By Melissa Hansen|2014-01-14T16:29:03+00:00March 15th, 2011|
The salvation to lagging wine sales of Syrah may be in Washington State owning the variety as it now does
By admin|2014-01-14T15:17:30+00:00March 15th, 2011|
While the researchers have pronounced the Darwin string thinner “good to go,” it’s not considered perfect—not by the Canadian company
By Melissa Hansen|2014-01-14T14:28:19+00:00March 15th, 2011|
The lack of consumer interest in Syrah wines is of keen interest to Washington’s wine industry. Some industry officials estimate
By Richard Lehnert|2014-01-14T15:39:12+00:00March 15th, 2011|
Darwin used on perpendicular vee peach orchard in California (Family Tree Farms).
Researchers who studied the Darwin string thinner found it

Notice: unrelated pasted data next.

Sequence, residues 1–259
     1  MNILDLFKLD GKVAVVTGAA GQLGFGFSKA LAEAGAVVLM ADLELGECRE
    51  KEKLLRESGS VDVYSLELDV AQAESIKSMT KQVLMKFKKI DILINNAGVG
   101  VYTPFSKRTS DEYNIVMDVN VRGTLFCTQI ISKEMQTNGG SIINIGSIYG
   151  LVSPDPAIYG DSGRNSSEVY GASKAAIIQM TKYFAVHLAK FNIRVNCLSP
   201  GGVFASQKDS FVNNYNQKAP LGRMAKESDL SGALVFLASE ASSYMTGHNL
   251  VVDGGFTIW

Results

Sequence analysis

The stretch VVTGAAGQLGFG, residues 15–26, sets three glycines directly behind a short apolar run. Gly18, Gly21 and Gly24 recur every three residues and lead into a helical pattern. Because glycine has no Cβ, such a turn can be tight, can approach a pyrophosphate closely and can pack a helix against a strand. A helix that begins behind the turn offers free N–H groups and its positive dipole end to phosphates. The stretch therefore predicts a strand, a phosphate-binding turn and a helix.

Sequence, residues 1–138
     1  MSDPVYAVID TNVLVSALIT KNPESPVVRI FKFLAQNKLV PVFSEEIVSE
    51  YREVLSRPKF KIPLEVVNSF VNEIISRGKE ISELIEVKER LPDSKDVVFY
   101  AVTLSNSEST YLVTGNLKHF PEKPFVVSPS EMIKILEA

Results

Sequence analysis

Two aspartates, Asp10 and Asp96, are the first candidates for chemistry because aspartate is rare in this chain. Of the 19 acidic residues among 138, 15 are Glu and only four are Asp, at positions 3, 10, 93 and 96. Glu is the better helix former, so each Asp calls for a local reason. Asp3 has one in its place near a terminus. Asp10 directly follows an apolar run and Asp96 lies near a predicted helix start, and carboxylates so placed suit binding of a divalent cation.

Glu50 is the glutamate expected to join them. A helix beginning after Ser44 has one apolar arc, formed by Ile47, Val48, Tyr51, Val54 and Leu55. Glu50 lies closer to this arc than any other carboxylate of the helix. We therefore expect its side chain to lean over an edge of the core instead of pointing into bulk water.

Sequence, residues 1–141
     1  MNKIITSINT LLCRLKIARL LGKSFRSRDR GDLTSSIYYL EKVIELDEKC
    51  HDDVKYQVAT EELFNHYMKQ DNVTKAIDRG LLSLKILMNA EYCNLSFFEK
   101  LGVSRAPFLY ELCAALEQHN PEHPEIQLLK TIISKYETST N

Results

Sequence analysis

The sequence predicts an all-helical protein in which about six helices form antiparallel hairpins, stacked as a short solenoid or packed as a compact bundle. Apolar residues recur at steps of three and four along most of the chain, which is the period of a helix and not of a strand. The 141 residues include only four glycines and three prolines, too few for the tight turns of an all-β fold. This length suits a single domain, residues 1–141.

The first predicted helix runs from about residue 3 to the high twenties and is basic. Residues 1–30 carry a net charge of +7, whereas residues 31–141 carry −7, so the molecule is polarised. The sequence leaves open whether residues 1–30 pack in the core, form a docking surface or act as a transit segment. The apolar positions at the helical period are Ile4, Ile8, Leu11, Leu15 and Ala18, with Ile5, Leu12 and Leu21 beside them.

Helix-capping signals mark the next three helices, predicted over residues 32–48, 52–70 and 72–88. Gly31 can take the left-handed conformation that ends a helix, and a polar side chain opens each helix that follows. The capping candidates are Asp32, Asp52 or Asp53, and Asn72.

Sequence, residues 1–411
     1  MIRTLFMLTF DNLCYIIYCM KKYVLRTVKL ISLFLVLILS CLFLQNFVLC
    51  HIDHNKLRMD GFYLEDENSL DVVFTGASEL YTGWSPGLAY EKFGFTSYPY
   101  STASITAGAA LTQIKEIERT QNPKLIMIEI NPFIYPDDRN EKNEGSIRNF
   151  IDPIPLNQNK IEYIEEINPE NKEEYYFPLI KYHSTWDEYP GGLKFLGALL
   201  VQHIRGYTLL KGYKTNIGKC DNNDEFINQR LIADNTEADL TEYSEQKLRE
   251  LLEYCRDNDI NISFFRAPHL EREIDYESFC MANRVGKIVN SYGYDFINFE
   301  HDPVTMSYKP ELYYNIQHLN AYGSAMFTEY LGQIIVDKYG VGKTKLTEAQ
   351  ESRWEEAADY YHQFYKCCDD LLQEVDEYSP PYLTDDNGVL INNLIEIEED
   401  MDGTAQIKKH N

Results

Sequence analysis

By Richard Lehnert|2014-01-14T15:02:55+00:00March 15th, 2011|
Rodney Klenk explains his production system, with support from Wally Heuser (right), his long-time advisor.
Rodney Klenk credits much of the
By Melissa Hansen|2014-01-14T15:30:57+00:00March 15th, 2011|
Dr. Luca Corelli is studying a rainbow of hail net colors to see if fruit growth and development can be
By Geraldine Warner|2014-01-14T16:05:57+00:00March 15th, 2011|
Horticulturist Todd Einhorn says leaving cherries on the tree longer can result in higher sugar content, but this must be
By admin|2014-01-14T16:14:18+00:00March 15th, 2011|
The price tag for renting honeybees for apple pollination, just $35 per hive a few years ago, now tops $100
By Richard Lehnert|2014-01-14T16:42:48+00:00March 15th, 2011|
The New York State Experiment Station in Geneva includes a USDA-ARS Plant Genetic Resources Unit, with a germ plasm repository
By Geraldine Warner|2014-01-14T15:55:19+00:00March 15th, 2011|
Louise Swanberg, pictured with Tom Colyer, says it’s hard to make money with the existing cherry varieties grown in Montana.